When I entered graduate school, I was awarded a teaching assistantship. This scholarship paid for my classes, provided me with a salary and gave me medical insurance. As I reflected on how to budget expenses for the year, I realized I could lose everything if something happened and I was unable to teach the two undergraduate labs my grant required.

I pictured having to go to my parents for help (an abhorrent thought for someone as fiercely independent as I am). Part of me knew my folks would come to my aid. But another side of me understood this would financially strain my family and limit what my parents were doing for my younger sister. So I took out a disability insurance policy (which I still have today). An unusual move for a 22-year old, but this ability to put my situation in the larger context of my family influenced my first benefits selection beyond healthcare coverage.

Fast forward to the last five years. I've operated my own business during this time frame and created my benefits package. I started out with health insurance, selecting the top-level plan. Having worked at some of the best medical facilities in the United States, physician and hospital choice is important to me and I'm willing to pay the extra premiums.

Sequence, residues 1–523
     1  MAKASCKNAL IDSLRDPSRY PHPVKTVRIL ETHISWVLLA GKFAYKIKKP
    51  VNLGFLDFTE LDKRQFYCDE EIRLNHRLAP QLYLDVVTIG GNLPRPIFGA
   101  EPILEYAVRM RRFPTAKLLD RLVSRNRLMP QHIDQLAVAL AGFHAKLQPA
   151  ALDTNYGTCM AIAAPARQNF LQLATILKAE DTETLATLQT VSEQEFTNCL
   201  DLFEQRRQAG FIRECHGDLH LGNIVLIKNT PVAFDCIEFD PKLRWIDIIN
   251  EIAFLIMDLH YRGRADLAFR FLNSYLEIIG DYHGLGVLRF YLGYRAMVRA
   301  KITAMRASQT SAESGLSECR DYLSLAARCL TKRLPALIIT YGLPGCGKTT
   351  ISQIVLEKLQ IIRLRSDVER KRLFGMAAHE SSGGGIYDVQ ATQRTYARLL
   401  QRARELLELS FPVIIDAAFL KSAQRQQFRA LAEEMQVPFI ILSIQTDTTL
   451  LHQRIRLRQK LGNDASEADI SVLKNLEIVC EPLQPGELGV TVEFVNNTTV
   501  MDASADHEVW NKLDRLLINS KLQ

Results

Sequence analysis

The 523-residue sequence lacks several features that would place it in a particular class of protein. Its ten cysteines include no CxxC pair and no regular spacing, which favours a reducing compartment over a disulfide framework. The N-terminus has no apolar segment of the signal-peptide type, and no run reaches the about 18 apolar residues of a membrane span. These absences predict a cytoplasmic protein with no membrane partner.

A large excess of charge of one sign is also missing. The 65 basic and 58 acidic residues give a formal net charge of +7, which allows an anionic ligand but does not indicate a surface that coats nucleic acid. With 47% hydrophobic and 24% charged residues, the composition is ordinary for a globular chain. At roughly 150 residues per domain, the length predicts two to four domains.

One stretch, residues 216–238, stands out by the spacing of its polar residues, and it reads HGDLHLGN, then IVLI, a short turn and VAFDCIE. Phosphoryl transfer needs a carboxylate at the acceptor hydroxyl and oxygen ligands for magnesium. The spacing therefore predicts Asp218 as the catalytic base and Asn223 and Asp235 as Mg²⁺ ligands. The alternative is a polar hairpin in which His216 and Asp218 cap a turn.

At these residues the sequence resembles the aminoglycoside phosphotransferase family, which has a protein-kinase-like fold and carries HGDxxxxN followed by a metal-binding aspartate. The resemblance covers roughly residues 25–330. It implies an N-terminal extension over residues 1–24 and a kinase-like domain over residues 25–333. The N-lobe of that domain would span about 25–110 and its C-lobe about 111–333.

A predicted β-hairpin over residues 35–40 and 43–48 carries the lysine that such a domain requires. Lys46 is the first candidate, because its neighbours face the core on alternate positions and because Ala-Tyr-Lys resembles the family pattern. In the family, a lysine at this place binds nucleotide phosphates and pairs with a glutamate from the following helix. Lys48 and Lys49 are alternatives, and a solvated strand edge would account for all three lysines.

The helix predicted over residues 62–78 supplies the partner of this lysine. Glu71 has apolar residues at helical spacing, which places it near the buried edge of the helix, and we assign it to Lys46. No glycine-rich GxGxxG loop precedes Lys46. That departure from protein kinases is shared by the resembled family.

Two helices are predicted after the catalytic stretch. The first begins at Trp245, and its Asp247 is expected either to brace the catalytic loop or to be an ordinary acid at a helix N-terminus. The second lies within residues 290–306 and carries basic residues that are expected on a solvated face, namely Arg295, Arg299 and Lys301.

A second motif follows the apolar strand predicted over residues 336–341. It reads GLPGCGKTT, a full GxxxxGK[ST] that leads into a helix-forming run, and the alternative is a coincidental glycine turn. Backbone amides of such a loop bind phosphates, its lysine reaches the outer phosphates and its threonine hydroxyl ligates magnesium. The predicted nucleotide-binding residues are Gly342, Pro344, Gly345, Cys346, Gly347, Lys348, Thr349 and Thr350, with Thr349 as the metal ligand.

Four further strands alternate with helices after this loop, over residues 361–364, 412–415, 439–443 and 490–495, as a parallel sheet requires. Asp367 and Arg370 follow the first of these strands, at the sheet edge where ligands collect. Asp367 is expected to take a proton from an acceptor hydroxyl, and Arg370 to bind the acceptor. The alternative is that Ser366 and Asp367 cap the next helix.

But, once set for medical care, I stopped and considered my benefits structure within the story of my life. When I did, three things became vitally important to me: disability insurance, long-term-care coverage and retirement savings.

I calculated how long I could cover my expenses if I became disabled and understood if I didn't increase my benefits plan, at some point, I'd have to go to my family for help. So I increased my coverage to protect my family.

After my mom died last year, I reflected about the expenses associated with the last few years of life. I pictured my young nephews -- who may wind up being responsible for me -- and knew I needed long-term-care insurance to remove the potential financial burden related to any complicated assistance I might need at some point.

Finally, I reviewed my retirement savings. Given lessons from my parents from the time of my first job, I executed a plan that leaves me reasonably well set for my later years. I shouldn't have to turn to family and friends for help. But, just in case, I continue to add to these benefits.